Calgary Minute: Council Meeting, Spending Restraint, and a Rejected Rollback
Calgary Minute - Your weekly one-minute summary of Calgary politics
This Week In Calgary:
There is a Combined Council meeting today which will include discussions on a very wide variety of issues. Council will be reviewing the Green Line's Q3 financials and risks, discussing upcoming consultations on the new Arena, debating supervised consumption sites, considering committee reports calling for the establishment of four new Business Improvement Areas, and more.
On Wednesday there will be a Standing Policy Committee on Planning and Urban Development meeting which will be discussing a series of land use amendments.
- On Thursday there will be a Calgary Planning Commission meeting where they will be discussing Secondary Suite Process Reform, but a planned meeting of the Event Centre Assessment Committee is cancelled. The Event Centre Committee won't meet again until November - presumably there's no rush anymore, now that they already got that 11th-hour vote pushed through?
Last Week In Calgary:
- At the Alberta Urban Municipalities Association (AUMA) Convention in Edmonton, Municipalities were put on notice by the Minister of Municipal Affairs. Councillors were told that they will be expected to do their part to help bring the province's finances back to balance. The province is hoping that when they enact modest spending cuts, municipalities don't just raise their own taxes to compensate. Has the Minister met Calgary Council?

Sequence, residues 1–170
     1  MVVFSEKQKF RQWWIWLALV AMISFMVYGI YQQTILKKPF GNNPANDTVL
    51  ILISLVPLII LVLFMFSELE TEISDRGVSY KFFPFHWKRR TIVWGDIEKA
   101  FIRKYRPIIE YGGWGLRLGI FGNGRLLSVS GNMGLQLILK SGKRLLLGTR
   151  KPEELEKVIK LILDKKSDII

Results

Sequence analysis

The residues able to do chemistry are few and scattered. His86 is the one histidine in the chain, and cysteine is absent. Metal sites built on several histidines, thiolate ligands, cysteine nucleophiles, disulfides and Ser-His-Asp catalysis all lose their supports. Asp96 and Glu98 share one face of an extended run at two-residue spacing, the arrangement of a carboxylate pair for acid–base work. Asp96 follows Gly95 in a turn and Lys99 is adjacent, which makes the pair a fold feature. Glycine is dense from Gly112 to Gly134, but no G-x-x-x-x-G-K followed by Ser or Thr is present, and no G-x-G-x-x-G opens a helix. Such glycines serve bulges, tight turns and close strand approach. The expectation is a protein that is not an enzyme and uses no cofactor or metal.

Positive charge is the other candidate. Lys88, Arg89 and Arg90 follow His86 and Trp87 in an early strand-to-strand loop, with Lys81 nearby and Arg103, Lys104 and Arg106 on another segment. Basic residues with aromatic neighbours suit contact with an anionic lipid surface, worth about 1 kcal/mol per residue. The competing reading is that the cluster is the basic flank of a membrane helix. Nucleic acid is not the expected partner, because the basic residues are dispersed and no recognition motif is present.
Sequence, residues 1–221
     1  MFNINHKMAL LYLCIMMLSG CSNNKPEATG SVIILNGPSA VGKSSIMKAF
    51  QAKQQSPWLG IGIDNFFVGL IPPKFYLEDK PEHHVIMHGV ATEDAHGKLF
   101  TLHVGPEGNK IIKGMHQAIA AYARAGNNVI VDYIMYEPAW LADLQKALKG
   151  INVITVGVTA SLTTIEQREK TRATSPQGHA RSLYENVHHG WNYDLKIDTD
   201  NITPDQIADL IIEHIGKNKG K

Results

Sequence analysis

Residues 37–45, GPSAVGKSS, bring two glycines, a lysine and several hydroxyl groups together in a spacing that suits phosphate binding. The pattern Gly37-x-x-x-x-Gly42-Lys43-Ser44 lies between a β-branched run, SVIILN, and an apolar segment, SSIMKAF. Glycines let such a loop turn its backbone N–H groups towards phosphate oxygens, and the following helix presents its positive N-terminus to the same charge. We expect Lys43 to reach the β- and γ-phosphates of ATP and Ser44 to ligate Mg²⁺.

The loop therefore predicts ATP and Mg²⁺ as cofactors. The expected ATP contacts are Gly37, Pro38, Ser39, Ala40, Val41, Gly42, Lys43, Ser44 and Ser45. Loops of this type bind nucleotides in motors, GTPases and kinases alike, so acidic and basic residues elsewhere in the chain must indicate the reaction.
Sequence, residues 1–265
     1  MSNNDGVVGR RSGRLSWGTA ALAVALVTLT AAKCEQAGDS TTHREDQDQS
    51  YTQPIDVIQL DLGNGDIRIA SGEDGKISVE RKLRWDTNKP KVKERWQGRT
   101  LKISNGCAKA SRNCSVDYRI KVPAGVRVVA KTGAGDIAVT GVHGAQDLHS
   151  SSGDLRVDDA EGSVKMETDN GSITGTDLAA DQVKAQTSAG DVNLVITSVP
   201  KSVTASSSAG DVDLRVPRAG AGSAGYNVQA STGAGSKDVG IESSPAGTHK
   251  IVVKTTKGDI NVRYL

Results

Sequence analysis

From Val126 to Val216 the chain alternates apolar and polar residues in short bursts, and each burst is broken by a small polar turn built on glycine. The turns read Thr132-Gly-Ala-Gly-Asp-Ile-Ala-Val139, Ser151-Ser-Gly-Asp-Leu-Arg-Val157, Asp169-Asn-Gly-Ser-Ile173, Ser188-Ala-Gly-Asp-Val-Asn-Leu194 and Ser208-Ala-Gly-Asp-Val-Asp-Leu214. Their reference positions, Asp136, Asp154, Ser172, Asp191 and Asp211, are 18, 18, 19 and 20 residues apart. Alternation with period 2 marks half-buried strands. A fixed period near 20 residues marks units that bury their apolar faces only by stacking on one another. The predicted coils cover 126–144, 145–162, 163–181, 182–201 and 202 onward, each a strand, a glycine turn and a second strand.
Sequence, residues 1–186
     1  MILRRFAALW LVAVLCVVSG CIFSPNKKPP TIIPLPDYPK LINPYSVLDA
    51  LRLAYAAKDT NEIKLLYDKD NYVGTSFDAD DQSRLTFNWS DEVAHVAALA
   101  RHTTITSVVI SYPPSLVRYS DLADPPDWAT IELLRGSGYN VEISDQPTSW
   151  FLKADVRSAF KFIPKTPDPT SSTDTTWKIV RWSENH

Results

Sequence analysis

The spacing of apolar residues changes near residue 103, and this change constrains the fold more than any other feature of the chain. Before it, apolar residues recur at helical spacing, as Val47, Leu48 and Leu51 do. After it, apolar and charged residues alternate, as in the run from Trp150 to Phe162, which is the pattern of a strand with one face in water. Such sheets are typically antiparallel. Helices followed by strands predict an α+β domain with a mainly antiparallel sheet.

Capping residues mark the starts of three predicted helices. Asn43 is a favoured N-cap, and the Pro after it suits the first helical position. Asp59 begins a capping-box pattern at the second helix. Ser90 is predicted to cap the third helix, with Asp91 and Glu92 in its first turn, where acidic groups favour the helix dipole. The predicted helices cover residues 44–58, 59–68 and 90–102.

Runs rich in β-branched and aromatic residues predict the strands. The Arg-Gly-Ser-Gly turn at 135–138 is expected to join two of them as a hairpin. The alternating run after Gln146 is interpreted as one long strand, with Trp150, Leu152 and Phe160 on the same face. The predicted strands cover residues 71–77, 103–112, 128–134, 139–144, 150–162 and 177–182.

- Councillor Farkas' proposal to ask City Staff to accept voluntary wage rollbacks was, unsurprisingly, rejected by Union leaders. Given how many Calgarians have themselves experienced wage rollbacks as a consequence of the economic downturn, this would have been a common-sense compromise. We can't really blame the unions for saying no though, when Council refuses to even cut their own salaries!
And, because every cloud has a silver lining, a report released last week found that the Calgary housing market is amongst the most affordable in Canada. This follows information released from Teranet-National Bank earlier this year that found prices are down 2.8% compared to last year and 7% compared to their peak back in October 2014. For those of you who own property and are looking to sell, we're sorry - every silver lining must have a cloud too?
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